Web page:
The Climate Change Showdown: Dealmaking Begins Anew with Bill in U.S. Senate
If you thought automakers and banks were the only companies getting a blank check from the government -- think again.
As part of sweeping climate change legislation under consideration in Congress, energy companies and utilities will receive hundreds of billions of dollars from the government to help them comply with a new program to regulate greenhouse gases. Which companies will cash in and how much money will get back to consumers hit with higher energy prices are shaping a summer showdown in Congress.
Yesterday morning, the Senate Environment and Public Works Committee held the first in a series of July hearings to develop legislative policies to address climate change. While it was largely a cheerleading session by four top Obama Administration officials on the need for Congress to act quickly, the hearing kicks off a complicated set of negotiations to secure the 60 votes needed in the Senate to avoid a filibuster that would slow and even halt action on climate change this year.
It was a difficult path for the House of Representatives, where it took significant compromising -- and several hundred pages in last minute amendments -- to secure passage of the Waxman-Markey American Clean Energy and Security Act by a vote of 219-212 on June 26.
As the Senate develops its own version of the bill, at its core will be a cap-and-trade program that will ratchet down U.S. greenhouse gas emissions, setting a cap that decreases over time and requires emitters to hold to permits to offset their emissions beyond the set level.
President Obama promised during his campaign last year to auction 100 percent of cap-and-trade "allowances" -- permits for every ton of greenhouse gases released into the atmosphere. The sale of these allowances to polluters was slated to fund the largest investment in renewable energy in history. The president has backed away from that commitment, and these allowances have become a new currency with which members of Congress barter for support.
Allowance allocation -- a topic previously limited to specialist policy wonks -- was the magic ingredient that brought weeks of intense negotiations and marathon sessions to resolution and led to the House of Representatives passing the landmark legislation in June.
The cost of passage in the House: 85 percent of allowances would be given out for free. These allowances are targeted at utilities, low-income Americans and manufacturers ostensibly to prevent massive increases in consumer prices, but the allocations also satisfy uncommitted politicians who represent industrial, agricultural or coal-producing districts.
Whatever the rationale for free allowances, it is undisputed that allowances will be worth a lot of money and how they are distributed matters -- for companies, for the government, and for the public. Between now and 2050, the bill will redistribute trillions of dollars and generate hundreds of billions in government revenue.
As the Senate revises the allowance allocations in developing its cap-and-trade proposal, who will be on the sidelines, cheering or coaxing their fence-sitting Senators to secure a better deal?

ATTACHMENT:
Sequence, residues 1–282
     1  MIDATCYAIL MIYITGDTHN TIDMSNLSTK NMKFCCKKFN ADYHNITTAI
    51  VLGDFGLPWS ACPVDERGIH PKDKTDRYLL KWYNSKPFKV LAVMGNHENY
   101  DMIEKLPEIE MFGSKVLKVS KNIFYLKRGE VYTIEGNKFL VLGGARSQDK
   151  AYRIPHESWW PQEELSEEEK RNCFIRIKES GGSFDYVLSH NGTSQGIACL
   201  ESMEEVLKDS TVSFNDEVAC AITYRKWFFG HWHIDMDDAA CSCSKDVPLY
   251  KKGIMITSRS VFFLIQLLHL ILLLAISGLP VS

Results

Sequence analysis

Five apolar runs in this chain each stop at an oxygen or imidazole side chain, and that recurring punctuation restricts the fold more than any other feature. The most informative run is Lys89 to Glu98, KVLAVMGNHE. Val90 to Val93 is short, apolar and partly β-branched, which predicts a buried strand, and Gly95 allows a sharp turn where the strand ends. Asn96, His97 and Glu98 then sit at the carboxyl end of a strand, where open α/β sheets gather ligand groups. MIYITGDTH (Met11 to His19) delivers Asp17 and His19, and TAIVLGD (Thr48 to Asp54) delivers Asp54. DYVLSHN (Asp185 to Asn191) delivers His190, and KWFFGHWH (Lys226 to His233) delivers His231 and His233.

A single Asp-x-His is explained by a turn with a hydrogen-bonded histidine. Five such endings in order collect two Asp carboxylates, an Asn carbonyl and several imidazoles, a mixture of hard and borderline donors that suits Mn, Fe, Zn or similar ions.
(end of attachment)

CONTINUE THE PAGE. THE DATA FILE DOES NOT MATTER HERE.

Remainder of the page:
First, it will be agriculture interests. An eleventh-hour deal brokered by House Agriculture Committee Chairman Colin Peterson was a coup for farm-state members, changing the way in which the EPA calculates biofuel emissions and shifting carbon offset management from the EPA to the USDA. Farm-state Senators will work for a similar deal.
Second, regulated utilities, largely seen as winners during the House Energy and Commerce Committee markup in May, will seek to protect the generous 35 percent of the free allowances they received in the House bill. These utilities, backed by coal-state politicians, will press for more allowances or at least defend their allocation.
Third, heavy industry -- like the carbon-intensive production of cement, pulp and paper, and steel -- will fight for more support. Senators from industrial centers in the South and Midwest will want additional allocations to prevent cost increases from making American-made products uncompetitive with international goods and to protect U.S. jobs from moving abroad.
Fourth, the oil and gas industry, which has been increasingly pushed to the fringe of U.S. energy policy, will look to salvage their meager allowance allocation. At less than 2 percent, the industry is widely viewed as the big loser in the climate debate as refiners are asked to take the burden of the U.S. fossil-fuel transportation industry. Democrats and Republicans from Alaska and the Gulf of Mexico may look to deal their vote for more generous support.
How allowances are distributed will impact which companies win and lose in the regulated environment and determine how much revenue the U.S. government will have available to invest in complementary energy efficiency policies and clean technology development and deployment. Which is why allowance allocation is shaping up as the fight to watch this summer.
Bill Beaver is a summer associate at GreenOrder, an LRN company. The strategy and management consulting firm has helped leading companies turn sustainability into business value since 2000. GreenOrder associate Rebecca Lutzy contributed to this article.
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